I was reminded at the national government-hosted forest and woodlands conference in Port Elizabeth this week of what a pleasure it is having foreign environmental scientists here and what potential there is to encourage more of these visitors. Both Alexandre Mariot, of the University Federal de Santa Catalina in Brazil, and Belgian Claire Dalvaux are experts in the traditional harvesting of bark, which can be used for a variety of medicinal purposes.
Mariot is studying the forest system on his country‘s Atlantic seaboard which 500 years ago covered 133 million hectares but is now reduced to just eight per cent of that former glory. This is the home of the golden lion tamerin, the woolly spider monkey, and the maned three-toed sloth as well as 20000 different species of plants.
The main agents of transformation in the forest are small-scale farmers who regard the forest as a hindrance in the expansion of pasture and creation of exotic plantations. The challenge is to make them aware of the value of the forest in terms of traditional medicines, fuel-wood and food for humans and livestock, says Mariot. Once this is done then a management strategy can be devised around sustainable harvesting.
Delvaux is working in Benin in west Africa in terms of a partnership between a Beninian university and her University of Ghent. Benin has lost 29 per cent of its forest cover since 1990 and this de-forestation is silting the waterways and hindering boat traffic, further damaging the shaky economy. The population is growing at an average 3,3% and the main problem in the 18000ha woodland system where she is stationed is logging to build houses.
Her research is aimed at producing data which can be translated into practical alternatives for revenue and jobs, to give to the timber harvesters, who argue that they have no other means available. About 200 delegates are attending the PE forestry conference and about 10 times that number, including a large overseas contingent, are due to attend the conference in July next year of the Society for Conservation Biology.
Environment is growing more important each year, and in line with these events and following on the successful 2003 staging in PE of the Seventh World Wilderness Congress, the Friendly City has the potential to become the green conference hub of Africa and a leading world destination for these events.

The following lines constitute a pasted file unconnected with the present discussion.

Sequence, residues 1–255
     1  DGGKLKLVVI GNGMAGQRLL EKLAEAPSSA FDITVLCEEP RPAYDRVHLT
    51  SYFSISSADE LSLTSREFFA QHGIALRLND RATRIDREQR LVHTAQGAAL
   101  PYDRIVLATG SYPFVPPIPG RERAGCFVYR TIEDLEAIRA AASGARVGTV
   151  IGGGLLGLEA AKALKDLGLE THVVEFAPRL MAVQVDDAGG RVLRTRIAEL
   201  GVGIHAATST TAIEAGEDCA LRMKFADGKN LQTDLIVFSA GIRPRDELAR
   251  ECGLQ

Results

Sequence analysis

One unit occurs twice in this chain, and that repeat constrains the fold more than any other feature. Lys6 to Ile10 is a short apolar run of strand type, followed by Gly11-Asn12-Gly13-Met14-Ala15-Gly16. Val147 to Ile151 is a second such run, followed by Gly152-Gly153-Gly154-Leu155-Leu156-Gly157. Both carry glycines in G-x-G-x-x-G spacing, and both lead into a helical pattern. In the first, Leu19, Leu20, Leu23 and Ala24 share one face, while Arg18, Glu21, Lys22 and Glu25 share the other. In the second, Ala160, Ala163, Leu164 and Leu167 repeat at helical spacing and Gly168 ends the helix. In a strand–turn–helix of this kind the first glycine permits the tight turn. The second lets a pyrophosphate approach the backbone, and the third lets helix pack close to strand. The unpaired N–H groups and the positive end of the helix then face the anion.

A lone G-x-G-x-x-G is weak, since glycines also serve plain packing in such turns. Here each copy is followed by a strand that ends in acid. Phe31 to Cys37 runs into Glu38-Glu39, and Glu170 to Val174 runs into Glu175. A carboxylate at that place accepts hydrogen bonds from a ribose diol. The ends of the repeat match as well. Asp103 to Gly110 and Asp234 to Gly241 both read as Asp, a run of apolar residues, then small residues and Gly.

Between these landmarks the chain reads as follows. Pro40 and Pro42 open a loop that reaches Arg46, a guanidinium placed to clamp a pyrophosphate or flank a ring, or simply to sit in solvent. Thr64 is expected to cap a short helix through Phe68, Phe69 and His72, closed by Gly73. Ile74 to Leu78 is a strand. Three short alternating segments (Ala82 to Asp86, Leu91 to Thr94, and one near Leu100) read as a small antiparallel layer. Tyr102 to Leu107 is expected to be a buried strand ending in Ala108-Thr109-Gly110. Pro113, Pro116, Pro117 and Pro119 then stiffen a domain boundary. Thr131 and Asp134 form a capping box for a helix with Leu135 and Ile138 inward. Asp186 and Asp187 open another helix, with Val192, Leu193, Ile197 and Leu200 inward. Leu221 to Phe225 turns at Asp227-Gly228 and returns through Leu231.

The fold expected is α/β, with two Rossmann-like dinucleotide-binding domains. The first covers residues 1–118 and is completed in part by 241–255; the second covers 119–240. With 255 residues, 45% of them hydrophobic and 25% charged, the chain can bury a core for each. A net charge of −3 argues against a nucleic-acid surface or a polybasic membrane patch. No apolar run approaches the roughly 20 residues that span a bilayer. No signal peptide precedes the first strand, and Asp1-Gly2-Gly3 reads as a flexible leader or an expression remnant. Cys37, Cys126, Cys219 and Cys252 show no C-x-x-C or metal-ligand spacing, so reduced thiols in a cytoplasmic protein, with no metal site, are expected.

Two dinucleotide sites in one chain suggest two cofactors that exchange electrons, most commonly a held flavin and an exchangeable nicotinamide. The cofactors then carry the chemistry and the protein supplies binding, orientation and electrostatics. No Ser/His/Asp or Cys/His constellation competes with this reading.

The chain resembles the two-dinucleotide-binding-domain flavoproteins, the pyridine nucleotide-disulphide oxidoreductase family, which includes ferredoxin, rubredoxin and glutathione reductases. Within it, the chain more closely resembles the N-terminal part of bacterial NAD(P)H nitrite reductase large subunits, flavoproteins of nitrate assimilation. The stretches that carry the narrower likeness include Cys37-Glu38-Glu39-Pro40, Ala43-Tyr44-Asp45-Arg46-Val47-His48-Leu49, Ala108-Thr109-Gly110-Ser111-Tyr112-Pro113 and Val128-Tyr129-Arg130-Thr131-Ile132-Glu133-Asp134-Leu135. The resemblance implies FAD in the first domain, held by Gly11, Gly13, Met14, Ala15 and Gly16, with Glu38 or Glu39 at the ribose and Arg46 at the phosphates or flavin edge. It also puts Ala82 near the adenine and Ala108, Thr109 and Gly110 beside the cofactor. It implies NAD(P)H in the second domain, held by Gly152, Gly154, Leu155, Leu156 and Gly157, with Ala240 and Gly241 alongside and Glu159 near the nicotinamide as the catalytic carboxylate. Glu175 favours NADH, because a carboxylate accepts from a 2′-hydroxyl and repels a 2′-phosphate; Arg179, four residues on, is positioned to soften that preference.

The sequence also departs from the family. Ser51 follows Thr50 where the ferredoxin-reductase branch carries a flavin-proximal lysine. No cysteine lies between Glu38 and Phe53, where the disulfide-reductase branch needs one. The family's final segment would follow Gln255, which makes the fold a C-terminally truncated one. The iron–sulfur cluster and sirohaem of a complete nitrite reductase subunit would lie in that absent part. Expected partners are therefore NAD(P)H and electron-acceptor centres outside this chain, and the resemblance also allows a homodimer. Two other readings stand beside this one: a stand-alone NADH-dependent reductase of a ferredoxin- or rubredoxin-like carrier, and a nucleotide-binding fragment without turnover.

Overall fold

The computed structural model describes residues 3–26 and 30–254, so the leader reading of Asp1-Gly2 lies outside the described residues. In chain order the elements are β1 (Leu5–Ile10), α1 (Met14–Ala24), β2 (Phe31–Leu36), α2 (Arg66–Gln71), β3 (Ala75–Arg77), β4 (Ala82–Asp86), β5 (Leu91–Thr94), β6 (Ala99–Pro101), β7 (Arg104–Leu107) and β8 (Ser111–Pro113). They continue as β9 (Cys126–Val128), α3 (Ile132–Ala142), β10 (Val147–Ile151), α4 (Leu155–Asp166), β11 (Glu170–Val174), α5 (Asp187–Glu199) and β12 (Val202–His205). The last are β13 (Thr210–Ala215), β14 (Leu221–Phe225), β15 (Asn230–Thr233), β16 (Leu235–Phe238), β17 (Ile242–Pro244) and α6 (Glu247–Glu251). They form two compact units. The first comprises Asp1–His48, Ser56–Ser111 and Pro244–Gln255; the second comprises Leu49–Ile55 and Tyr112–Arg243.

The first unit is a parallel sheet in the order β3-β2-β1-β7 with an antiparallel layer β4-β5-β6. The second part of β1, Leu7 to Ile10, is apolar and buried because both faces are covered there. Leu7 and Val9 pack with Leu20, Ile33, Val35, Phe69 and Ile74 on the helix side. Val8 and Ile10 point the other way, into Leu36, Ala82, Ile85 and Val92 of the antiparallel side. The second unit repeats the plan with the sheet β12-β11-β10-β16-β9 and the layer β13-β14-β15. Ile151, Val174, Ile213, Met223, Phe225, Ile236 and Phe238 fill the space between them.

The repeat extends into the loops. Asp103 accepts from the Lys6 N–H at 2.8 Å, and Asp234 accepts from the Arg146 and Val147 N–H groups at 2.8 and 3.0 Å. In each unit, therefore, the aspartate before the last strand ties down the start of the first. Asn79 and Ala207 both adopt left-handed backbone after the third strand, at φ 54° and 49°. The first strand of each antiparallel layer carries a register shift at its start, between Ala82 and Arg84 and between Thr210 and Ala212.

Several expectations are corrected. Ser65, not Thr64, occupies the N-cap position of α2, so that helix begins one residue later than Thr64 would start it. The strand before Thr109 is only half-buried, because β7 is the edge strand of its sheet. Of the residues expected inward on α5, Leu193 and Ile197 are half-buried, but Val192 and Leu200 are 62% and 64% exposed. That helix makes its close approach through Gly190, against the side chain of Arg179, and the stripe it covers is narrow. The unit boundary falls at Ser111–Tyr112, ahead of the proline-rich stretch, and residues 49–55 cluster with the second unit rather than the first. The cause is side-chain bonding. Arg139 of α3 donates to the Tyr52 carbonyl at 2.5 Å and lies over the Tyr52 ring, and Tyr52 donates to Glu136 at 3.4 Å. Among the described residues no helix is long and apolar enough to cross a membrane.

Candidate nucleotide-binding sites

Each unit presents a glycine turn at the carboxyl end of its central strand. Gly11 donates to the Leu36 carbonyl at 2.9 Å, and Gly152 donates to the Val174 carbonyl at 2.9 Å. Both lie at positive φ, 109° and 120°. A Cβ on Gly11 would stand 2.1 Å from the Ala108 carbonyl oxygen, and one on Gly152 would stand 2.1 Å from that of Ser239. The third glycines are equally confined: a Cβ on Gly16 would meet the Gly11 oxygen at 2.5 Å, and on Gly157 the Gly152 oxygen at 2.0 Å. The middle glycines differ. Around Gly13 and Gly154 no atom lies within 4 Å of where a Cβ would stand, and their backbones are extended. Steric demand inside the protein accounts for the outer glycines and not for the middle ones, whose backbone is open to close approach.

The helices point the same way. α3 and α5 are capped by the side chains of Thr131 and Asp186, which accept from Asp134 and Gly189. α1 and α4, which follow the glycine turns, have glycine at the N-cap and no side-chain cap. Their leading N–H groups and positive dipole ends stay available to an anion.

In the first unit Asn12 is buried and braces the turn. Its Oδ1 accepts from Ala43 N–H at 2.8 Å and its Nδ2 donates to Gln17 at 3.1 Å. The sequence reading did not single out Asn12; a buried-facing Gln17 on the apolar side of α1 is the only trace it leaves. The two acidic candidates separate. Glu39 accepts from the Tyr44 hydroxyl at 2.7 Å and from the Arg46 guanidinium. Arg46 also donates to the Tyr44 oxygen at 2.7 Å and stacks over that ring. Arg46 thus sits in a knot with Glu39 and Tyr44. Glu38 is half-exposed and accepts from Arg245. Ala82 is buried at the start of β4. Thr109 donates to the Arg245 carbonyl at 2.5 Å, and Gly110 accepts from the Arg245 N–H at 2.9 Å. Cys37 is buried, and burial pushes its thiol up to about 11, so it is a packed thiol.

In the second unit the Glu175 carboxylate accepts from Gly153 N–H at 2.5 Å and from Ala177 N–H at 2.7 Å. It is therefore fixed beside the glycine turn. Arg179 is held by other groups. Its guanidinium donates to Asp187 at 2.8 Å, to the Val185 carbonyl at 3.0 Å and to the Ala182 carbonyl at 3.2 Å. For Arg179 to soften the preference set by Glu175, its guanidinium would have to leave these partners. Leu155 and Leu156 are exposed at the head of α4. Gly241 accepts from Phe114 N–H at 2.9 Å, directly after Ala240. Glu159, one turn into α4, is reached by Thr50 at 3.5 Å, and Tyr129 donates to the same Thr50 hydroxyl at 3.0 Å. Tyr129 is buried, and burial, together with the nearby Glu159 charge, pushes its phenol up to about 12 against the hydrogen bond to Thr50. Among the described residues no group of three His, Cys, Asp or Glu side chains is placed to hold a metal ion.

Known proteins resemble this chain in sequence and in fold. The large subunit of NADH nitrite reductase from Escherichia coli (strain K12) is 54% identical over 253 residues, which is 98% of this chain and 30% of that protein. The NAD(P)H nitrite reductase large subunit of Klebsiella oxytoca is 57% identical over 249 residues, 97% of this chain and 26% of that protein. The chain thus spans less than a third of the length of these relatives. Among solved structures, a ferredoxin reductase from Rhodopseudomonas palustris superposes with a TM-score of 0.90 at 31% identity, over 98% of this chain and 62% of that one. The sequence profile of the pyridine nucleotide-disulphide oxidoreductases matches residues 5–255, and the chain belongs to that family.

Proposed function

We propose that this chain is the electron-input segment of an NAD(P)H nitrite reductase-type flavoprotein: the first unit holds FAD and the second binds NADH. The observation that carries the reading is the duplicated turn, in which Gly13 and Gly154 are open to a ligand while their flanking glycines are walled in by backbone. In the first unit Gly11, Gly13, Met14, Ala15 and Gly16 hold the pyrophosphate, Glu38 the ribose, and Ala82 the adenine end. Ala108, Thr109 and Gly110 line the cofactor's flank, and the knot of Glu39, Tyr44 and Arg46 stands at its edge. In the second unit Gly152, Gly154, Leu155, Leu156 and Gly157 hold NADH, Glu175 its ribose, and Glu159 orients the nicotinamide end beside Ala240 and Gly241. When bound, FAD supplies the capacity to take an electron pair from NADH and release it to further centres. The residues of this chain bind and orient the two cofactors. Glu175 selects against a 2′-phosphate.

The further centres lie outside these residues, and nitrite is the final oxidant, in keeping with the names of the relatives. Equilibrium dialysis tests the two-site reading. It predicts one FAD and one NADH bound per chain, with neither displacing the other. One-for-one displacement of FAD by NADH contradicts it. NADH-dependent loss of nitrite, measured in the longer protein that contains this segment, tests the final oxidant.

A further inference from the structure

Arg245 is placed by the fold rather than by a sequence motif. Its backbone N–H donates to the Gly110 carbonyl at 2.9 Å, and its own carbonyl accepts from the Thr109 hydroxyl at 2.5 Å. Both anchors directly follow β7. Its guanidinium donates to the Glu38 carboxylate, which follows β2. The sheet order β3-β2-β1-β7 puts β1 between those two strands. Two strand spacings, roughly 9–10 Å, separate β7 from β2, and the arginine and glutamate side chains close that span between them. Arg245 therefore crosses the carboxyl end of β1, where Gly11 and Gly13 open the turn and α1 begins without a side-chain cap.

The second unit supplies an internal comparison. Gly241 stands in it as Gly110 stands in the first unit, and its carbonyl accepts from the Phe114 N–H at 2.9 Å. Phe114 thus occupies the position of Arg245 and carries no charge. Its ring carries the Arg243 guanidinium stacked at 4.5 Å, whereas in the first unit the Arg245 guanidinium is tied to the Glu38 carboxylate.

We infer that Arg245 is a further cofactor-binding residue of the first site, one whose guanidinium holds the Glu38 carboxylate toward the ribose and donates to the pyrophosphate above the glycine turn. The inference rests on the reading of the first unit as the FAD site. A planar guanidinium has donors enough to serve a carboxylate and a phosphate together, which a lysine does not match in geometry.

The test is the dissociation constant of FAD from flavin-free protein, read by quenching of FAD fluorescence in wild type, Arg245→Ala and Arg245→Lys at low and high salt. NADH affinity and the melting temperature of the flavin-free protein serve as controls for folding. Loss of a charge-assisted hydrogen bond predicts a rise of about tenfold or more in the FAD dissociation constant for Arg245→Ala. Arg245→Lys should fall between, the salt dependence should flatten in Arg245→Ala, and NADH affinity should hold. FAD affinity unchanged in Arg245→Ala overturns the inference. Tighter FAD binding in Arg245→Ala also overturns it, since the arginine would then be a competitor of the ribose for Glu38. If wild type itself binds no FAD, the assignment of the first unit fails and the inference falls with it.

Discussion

Delegates bring their spending power and their service, accommodation and hospitality requirements. They bring something more than the average tourist, however, in terms of their interest in helping people to help themselves and the planet at the same time – this alongside their expertise in a specific plant, animal or practice in some far-flung corner of the world. Our society is enriched when they join us.
So we absolutely need this International Conference Centre ([ICC). But let‘s capitalise on the green event potential and make it a green building, with solar electricity, natural lighting and temperature control, rain harvesting, and taps and toilets to minimise water wastage. These and many more cutting-edge features have been tested and documented. If we could use this approach to guide the construction of our ICC, we would give it an important extra dimension and help to secure and grow that green conference market share.
Also, let‘s forget about this nonsense of putting the ICC on the beachfront. As our new sports stadium begins to grow at the North End Lake ([hopefully well in time for 2010) and we turn our attention to what to do with the old EP Rugby Football Union Stadium, let‘s think seriously about putting the ICC there. There is always a need at environmental conferences to communicate beyond the boardroom to ordinary people. Our ICC could include a unique mega-space where exactly this could happen.
In keeping with South Africa‘s pride in making people part of the conservation solution, the setting aside of a day to do this – to communicate the nature of the debate and to really open up the issues – could become one of the proud brands of the PE green conference.
Many of the creatures discussed at these conferences appear on the World Conservation‘s searing 2006 Red List report. Of some 1, 7 million species of plants and animals known to man, some 16000 are now threatened with extinction, the report says. Biodiversity loss is increasing, not slowing down.
Climate change is increasingly being felt in Polar Regions, where summer sea ice is expected to decrease by 50%-100% over the next 50-100 years. Polar bears will probably suffer a 30% population decline in the next 45 years. The hippo, one of the great icons of Africa, has been classified as vulnerable for the first time following the collapse of the population in the Democratic Republic of Congo. In 1994 the DRC boasted 30000 animals – the second most after Zambia of any African country. Now, due to unregulated hunting for its meat and teeth ivory, the DRC hippo population has plummeted by 95%.
Twenty per cent of sharks and rays are threatened with extinction. You can learn more about them at the excellent exhibition at Bayworld to celebrate National Science Week.
Why does the loss of these creatures matter? Because this is the circle of life. Economically, socially, environmentally, spiritually, morally – it matters.
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